How many hotels in the world are there anyway? Booking.com keeps adding them
Meanwhile, Booking.com’s market share in Europe is believed to be considerably less than 10% and officials say there is plenty of room to grow there — let alone in developing countries in Asia-Pacific, Latin America and Africa.
So how many hotels are there in the world?
And, what is the ceiling for Priceline, Expedia and other online hotel distributors?
When will they be “done?”
The number likely is anyone’s guess and much of it hinges around your definition of a “hotel.”
STR Global estimates that there are 187,000 hotels, offering 17.5 million guest rooms, around the globe.
The company defines hotels as properties that are rented nightly, with seasonality taken into account, and having a specified number of rooms.
Due to the legacy of how STR came to be through acquisitions, its estimate includes properties with 20 rooms or more in the US only and 10 rooms and more throughout the rest of the world.
“We are confident in these numbers, but also release them with the caveat that it is an ever-changing landscape with the explosive growth going on in some parts of the world (China, India etc.),” says Jeff Higley, an STR spokesperson.
That definition, of course, leaves out perhaps hundreds of thousands of other “hotels,” including properties with less than 20 rooms, motels, hostels, residence hotels, apartment hotels, B&Bs, inns, guest houses and chateaus.
And, then there are vacation rentals and timeshares — plus the peer-to-peer market of condos, apartments, houseboats and couches.
Other less-than-scientific guesstimates put the number of hotels around the world at around 400,000, with an additional 100,000 or so if you include B&Bs and hostels etc.
In a similar vein, one of the global distribution systems informally uses 500,000 as a guide to the number of hotels in the world, although this number would exclude hostels, guest houses and motels.
So, clearly there is plenty of headroom for Priceline around the world, and its Booking.com and Agoda units may be increasing their lead over Expedia by adding properties at a faster pace so far in 2012 than they did toward the end of last year.
That’s the conclusion drawn by the Susquehanna Financial Group, which uses a proprietary tracker to keep tabs how many hotels sister companies Booking.com, Agoda and Priceline.com are adding on a weekly basis.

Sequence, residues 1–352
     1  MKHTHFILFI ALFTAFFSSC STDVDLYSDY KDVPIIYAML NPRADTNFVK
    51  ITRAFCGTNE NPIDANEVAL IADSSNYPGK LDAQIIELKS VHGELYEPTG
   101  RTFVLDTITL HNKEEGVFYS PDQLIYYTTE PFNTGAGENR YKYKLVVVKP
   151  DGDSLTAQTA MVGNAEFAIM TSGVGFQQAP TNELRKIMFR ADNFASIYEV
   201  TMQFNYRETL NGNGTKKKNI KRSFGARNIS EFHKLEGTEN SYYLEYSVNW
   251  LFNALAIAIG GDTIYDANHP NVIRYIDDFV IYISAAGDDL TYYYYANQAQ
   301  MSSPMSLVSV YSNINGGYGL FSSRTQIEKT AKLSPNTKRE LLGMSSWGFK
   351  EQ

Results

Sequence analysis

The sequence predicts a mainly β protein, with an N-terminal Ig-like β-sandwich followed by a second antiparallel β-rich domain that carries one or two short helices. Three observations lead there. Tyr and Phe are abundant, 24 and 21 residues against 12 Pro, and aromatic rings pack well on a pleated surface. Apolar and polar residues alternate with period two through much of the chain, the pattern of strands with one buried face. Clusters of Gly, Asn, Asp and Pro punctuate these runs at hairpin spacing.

“Tracking supply additions is important because this can act as a leading indicator to transactions (equivalent to additional selection in e-commerce terms), typically leading to improved conversion/customer experience on the platform and larger share of market over time,” analyst Herman Leung wrote in a note to investors.
The Priceline Group’s supply included 200,900 hotels through March 19, Susquehanna estimates, and during the first quarter it was adding about 1,541 properties (hotels, apartment hotels, motels, hostels, residence hotels, B&Bs and guest houses) per week.
And, that is considerably faster than the 1,229 properties the group added weekly during the fourth quarter of 2011, Susquehanna says.
Europe was leading the charge while growth in Asia was relatively flat and North America was lagging, according to the Susquehanna numbers.
Hotel additions in Europe, largely Booking.com turf, increased about 82% in the first quarter to more than 852 hotels per week while hotel additions in Asia, where Agoda sets up shop, increased by five properties per week to 385 compared with the fourth quarter, the Susquehanna tracker found.
Priceline’s strongest markets in Europe are Italy, Germany, France and Spain, while China is its leader in Asia, followed by Thailand and India, Susquehanna says.
In North America, Priceline’s hotel additions slowed by about 21% to 180 per week during the first quarter of 2012 compared with the fourth quarter of 2011, Susquehanna found.
So, how has Priceline accomplished such a hotel build-up around the world?
Does the answer revolve around technology, commissions, word of mouth and/or reach?
But, it is undeniable that Priceline has been increasing its global workforce at a torrid pace, more than doubling it since the first quarter of 2010, when Priceline employed around 2,266 people.
Through January 31, 2012, Priceline employed 5,000 people, including 4,000 outside the US.
And, lots of them are working on building the hotel business.
Dennis Schaal was North American editor for Tnooz.